Despite the general dislike for, and frequent removal of Phragmites in US marsh management programs, little is known about its contribution to or effects on estuarine ecology and productivity. There is a general assumption that the plant has little ecological value. However, Stribling and Cornwell (1997), studying consumers in a lower salinity wetland, found a greater contribution from C3 plants (e.g. Phragmites) which are present there, in addition to the C4 Spartina and phytoplankton. This paper thus provides evidence that Phragmites does contribute in a significant way to the food webs in low salinity areas. Wainright et al. (1998) come to the same conclusions. Fell et al., 1998 found that Phragmites-dominated marshes had abundant tidal marsh invertebrates (snails, amphipods, and isopods) which provided suitable food resources to mummichogs, which moved onto the marshes and fed on the invertebrates, as they do in Spartina-dominated marshes.

Another important function of wetland plants to estuarine communities is their role in providing habitat. Salt marshes are well known to be forage habitat and a predation refuge for larvae and juveniles of estuarine and marine species (Shenker and Dean, 1979;Weinstein, 1979; Kneib, 1984; McIvor and Odum, 1988). Some estuarine species, including mummichogs and grass shrimp, utilize the marsh surface at high tide. The marsh surface functions to provide food for these animals as well as refuge from predation. Young individuals of both species may remain on the marsh surface in shallow puddles, even during low tide, an adaptation to avoid high mortality from larger organisms in subtidal habitats (Kneib, 1987). While adult mummichogs prey on grass shrimp, larval mummichogs are preyed on by grass shrimp (Kneib, 1987). Little is known about the impact of the Phragmites invasion on the habitat functions of tidal marshes to resident invertebrates and fish.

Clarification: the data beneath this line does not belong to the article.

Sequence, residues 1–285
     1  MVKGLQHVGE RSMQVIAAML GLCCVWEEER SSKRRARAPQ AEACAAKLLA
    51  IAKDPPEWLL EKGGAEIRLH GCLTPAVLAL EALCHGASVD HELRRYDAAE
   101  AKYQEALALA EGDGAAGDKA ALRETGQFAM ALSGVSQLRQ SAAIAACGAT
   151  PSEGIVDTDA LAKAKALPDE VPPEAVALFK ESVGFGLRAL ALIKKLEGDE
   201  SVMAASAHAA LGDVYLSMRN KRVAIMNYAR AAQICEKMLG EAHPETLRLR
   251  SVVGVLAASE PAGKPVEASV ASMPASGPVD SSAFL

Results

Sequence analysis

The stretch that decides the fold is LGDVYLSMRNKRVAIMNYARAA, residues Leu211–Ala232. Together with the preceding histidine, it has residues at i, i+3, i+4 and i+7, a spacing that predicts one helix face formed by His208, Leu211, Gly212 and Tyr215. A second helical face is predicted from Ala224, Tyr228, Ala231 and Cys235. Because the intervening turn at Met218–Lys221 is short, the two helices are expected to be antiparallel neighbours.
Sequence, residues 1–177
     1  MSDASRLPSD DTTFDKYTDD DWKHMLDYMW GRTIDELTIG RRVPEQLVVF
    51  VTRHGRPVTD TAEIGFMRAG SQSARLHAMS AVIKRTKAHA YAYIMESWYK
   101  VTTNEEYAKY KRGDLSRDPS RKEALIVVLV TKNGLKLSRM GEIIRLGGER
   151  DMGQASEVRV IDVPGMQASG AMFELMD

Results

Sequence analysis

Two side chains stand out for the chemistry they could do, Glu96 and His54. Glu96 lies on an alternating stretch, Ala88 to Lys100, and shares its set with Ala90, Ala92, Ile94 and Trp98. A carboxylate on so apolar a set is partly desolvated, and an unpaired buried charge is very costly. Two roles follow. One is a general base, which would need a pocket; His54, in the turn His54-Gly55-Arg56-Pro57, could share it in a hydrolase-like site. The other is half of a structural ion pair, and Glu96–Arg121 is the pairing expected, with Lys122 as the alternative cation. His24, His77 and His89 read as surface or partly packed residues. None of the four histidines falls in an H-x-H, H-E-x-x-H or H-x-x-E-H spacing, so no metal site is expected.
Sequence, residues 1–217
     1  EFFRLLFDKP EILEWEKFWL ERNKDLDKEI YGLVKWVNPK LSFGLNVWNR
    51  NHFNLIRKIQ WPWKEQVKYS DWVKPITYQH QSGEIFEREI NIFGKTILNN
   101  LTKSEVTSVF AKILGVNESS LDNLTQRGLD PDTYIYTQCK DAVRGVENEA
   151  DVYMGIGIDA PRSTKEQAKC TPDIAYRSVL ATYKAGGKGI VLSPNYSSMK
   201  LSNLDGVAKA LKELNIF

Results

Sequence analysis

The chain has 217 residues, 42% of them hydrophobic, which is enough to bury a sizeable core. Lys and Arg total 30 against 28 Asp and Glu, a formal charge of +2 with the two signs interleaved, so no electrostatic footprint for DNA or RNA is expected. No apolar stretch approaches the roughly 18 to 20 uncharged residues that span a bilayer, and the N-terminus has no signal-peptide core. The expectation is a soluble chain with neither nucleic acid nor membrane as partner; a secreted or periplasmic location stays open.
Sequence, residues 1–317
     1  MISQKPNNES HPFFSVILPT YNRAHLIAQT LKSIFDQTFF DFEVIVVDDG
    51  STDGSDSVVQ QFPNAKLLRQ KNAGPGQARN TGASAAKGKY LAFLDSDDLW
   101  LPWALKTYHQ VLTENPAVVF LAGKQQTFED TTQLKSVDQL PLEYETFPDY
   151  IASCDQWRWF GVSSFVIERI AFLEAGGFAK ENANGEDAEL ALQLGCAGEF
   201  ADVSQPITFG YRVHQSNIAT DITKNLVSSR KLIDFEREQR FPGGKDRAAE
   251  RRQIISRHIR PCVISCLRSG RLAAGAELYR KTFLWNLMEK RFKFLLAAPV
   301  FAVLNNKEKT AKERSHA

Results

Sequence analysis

Fiddler crabs (Uca spp.) are integral components of many marsh systems. Their burrows serve to aerate the sediments, and are considered beneficial for the marsh grasses (Montague, 1980). The crabs also benefit from the presence of the marsh vegetation, which provides cover to hide from predators (Nomann and Pennings, 1998). Among the shallow habitats utilized during low tide by grass shrimp and larval mummichogs are fiddler crab burrows (Kneib, 1995).

The degree of use of refuge habitat such as vegetation by potential prey species can be affected by the presence of predators. Werner et al (1993), using experimental ponds, found that when predators were absent, juvenile bluegills were found throughout the pond, but when predators were present, the smaller fish restricted themselves to the vegetated regions, a safer habitat. Gotceitas et al (1995) found that juvenile Atlantic cod (Gadus morhua) shifted their habitat from sand to cobble or kelp when an actively foraging predator was present. Similarly, juvenile perch (Perca fluviatilis) and roach (Rutilus rutilus) increased the proportion of time spent in a refuge in the presence of predators (Eklov and Persson, 1995), and survival increased with increased refuge efficiency (Person and Eklov, 1995).